The molecular mechanisms of modern inhaled anesthetics are still poorly understood although they are widely used in clinical settings. Considerable evidence supports effects on membrane proteins including ligand- and voltage-gated ion channels of excitable cells. Na(+) channels are crucial to action potential initiation and propagation, and represent potential targets for volatile anesthetic effects on central nervous system depression. Inhibition of presynaptic Na(+) channels leads to reduced neurotransmitter release at the synapse and could therefore contribute to the mechanisms by which volatile anesthetics produce their characteristic end points: amnesia, unconsciousness, and immobility. Early studies on crayfish and squid giant axon showed inhibition of Na(+) currents by volatile anesthetics at high concentrations. Subsequent studies using native neuronal preparations and heterologous expression systems with various mammalian Na(+) channel isoforms implicated inhibition of presynaptic Na(+) channels in anesthetic actions at clinical concentrations. Volatile anesthetics reduce peak Na(+) current (I(Na)) and shift the voltage of half-maximal steady-state inactivation (h(∞)) toward more negative potentials, thus stabilizing the fast-inactivated state. Furthermore recovery from fast-inactivation is slowed, together with enhanced use-dependent block during pulse train protocols. These effects can depress presynaptic excitability, depolarization and Ca(2+) entry, and ultimately reduce transmitter release. This reduction in transmitter release is more potent for glutamatergic compared to GABAergic terminals. Involvement of Na(+) channel inhibition in mediating the immobility caused by volatile anesthetics has been demonstrated in animal studies, in which intrathecal infusion of the Na(+) channel blocker tetrodotoxin increases volatile anesthetic potency, whereas infusion of the Na(+) channels agonist veratridine reduces anesthetic potency. These studies indicate that inhibition of presynaptic Na(+) channels by volatile anesthetics is involved in mediating some of their effects.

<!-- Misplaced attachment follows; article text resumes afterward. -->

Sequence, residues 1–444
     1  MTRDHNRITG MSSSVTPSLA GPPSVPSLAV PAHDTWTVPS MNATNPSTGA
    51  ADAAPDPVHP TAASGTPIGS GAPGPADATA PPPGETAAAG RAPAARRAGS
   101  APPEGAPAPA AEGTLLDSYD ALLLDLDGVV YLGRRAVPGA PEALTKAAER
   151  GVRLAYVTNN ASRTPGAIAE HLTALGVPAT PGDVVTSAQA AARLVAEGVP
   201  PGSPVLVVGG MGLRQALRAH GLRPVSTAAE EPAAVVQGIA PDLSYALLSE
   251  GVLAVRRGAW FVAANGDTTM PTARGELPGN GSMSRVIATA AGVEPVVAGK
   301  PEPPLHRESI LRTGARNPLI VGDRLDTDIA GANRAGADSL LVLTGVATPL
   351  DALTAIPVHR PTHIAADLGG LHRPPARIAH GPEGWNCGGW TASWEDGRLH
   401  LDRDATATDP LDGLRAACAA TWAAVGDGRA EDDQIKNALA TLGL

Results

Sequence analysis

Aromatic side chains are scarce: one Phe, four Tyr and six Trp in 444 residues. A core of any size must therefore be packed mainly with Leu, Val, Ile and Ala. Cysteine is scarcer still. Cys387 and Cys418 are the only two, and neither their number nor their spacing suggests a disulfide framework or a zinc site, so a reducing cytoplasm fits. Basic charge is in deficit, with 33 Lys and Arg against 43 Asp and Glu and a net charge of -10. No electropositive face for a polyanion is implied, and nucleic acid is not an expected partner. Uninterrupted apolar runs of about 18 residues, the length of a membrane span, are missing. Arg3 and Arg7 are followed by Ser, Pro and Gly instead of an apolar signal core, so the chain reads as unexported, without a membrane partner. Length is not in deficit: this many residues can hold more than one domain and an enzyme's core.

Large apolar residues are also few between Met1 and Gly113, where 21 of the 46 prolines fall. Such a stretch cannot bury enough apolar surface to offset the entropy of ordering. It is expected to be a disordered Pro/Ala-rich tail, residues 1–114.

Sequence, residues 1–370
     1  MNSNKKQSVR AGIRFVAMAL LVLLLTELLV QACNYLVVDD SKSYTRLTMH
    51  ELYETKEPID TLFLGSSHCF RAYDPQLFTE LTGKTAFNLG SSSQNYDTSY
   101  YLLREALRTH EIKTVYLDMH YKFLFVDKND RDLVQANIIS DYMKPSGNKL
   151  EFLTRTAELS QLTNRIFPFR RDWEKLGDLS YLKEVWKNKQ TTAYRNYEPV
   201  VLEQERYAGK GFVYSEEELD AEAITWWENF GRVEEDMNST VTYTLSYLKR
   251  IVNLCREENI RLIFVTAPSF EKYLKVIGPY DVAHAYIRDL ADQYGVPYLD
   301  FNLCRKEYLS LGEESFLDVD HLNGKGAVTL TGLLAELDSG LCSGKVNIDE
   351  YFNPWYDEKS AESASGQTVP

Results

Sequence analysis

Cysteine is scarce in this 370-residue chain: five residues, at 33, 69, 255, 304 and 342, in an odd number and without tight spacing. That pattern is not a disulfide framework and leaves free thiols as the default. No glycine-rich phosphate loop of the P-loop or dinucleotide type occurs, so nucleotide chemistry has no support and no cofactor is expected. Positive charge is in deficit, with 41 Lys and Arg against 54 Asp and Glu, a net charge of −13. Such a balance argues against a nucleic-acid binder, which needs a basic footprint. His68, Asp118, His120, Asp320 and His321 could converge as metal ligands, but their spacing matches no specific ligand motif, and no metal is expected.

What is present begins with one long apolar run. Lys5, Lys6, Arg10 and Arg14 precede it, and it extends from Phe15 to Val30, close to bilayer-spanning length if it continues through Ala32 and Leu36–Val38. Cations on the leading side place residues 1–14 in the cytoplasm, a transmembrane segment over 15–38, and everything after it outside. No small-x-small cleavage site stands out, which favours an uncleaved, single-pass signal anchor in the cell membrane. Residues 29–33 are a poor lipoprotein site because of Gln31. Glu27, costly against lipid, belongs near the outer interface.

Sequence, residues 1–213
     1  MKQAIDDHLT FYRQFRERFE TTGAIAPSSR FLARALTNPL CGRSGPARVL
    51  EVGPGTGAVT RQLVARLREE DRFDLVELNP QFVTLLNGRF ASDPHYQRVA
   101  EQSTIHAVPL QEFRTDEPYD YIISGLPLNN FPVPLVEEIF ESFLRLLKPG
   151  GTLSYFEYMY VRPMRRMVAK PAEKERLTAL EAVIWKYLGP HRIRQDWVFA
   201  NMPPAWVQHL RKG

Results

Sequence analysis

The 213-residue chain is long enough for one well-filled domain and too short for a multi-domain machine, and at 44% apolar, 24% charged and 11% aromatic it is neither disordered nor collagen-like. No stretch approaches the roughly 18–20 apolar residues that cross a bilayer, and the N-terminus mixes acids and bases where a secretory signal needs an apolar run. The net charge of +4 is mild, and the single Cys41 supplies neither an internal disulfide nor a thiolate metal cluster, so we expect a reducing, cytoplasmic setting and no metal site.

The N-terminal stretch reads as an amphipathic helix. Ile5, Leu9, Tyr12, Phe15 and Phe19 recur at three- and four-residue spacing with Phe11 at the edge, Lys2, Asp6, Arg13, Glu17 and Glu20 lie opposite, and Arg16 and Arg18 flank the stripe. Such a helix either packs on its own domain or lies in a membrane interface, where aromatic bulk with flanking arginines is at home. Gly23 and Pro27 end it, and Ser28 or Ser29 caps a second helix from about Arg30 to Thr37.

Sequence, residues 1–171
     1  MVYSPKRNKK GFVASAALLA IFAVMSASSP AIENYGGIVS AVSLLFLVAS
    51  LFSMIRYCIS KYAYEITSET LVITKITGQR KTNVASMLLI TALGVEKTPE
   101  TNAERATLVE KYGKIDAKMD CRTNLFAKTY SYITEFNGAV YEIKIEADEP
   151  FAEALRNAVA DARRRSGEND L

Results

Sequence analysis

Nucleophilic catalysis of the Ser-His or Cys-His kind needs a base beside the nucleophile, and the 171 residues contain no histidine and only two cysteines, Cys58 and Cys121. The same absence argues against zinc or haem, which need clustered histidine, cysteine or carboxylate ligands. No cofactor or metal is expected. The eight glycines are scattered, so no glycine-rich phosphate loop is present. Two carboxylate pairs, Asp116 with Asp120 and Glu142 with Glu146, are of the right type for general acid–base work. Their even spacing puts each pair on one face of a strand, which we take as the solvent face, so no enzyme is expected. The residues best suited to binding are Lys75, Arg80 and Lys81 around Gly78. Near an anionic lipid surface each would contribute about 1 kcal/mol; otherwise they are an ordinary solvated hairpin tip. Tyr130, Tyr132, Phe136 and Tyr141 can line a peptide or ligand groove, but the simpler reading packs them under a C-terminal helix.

Keywords: anesthetic mechanism; presynaptic; sodium channels; volatile anesthetics.